...from the 100 greatest books, via Steven Riddle:
27. CERVANTES. DON QUIXOTE... Cervantes' great, ironical, romantic story is written in a style so noble, so nervous, so humane, so branded with reality, that, as the wise critic has said, the mere touch and impact of it puts courage into our veins. It is not necessary to read every word of this old book. There are tedious passages. But not to have ever opened it; not to have caught the tone, the temper, the terrible courage, the infinite sadness of it, is to have missed being present at one of the “great gestures" of the undying, unconquerable spirit of humanity.
86. GILBERT K. CHESTERTON. ORTHODOXY...Mr. Chesterton has his own peculiar “religion”—a sort of Chelsea Embankment Catholicism, in which, in place of Pontifical Encyclicals, we have Punch and Judy jokes, and in place of Apostolic Doctrine we have umbrellas, lamp-posts, electric-signs and prestidigitating clerics...If we don't become “like little children”; in other words like jovial, middle-aged swashbucklers, and protest our belief in Flying Pigs, Pusses in Boots, Jacks on the top of Beanstalks, Old Women who live in Shoes, Fairies, Fandangos, Prester Johns, and Blue Devils, there is no hope for us...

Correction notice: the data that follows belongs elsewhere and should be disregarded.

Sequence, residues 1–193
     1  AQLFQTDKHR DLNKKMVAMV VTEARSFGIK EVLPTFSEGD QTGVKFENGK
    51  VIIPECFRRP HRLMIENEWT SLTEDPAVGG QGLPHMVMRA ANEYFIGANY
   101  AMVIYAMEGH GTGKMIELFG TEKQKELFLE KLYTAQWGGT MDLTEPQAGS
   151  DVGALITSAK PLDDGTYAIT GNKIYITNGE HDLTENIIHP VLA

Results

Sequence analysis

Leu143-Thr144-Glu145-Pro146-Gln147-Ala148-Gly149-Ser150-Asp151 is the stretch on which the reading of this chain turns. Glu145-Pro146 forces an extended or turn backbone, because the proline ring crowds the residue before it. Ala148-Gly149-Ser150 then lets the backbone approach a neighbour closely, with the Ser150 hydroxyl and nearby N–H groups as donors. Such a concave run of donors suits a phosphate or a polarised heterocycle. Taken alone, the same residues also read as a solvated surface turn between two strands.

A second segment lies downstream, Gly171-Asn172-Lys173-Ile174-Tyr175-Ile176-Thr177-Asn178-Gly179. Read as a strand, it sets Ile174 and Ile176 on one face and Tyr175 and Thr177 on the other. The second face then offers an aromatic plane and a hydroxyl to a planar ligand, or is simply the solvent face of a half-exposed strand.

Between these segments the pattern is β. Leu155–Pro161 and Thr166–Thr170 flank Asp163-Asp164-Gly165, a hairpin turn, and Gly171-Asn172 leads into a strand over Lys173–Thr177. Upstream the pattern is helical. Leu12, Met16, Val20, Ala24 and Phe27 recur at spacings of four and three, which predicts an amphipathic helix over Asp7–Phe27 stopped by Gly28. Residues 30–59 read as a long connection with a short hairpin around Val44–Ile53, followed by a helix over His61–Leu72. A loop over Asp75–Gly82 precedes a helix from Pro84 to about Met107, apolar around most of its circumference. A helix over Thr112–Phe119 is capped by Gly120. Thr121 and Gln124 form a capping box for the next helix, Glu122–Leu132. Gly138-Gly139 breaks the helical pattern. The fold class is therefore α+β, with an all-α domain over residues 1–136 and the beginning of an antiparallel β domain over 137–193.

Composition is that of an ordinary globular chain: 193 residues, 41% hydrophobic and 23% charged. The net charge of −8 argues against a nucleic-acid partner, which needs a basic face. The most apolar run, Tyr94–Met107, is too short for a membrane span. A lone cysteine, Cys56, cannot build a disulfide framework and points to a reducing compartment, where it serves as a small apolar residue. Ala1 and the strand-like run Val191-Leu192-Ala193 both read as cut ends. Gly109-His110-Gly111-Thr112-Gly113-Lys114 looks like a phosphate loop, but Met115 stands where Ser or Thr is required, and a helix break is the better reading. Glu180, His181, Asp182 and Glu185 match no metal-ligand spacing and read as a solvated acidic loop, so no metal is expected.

87. OSCAR WILDE...His supreme art, as he himself well knew, was, after all, the art of conversation. One might even put it that his greatest achievement in life was just the achievement of being brazenly and shamelessly what he naturally was—especially in conversation. To call him a “poseur” with the implication that he pretended or assumed a manner, were just as absurd as to call a tiger striped with the implication that the beast deliberately “put on” that mark of distinction. If it is a pose to enjoy the sensation of one's own spontaneous gestures, Wilde was indeed the worst of pretenders. But the stupid gravity of many generals, judges and archbishops is not more natural to them than his exquisite insolence was to him.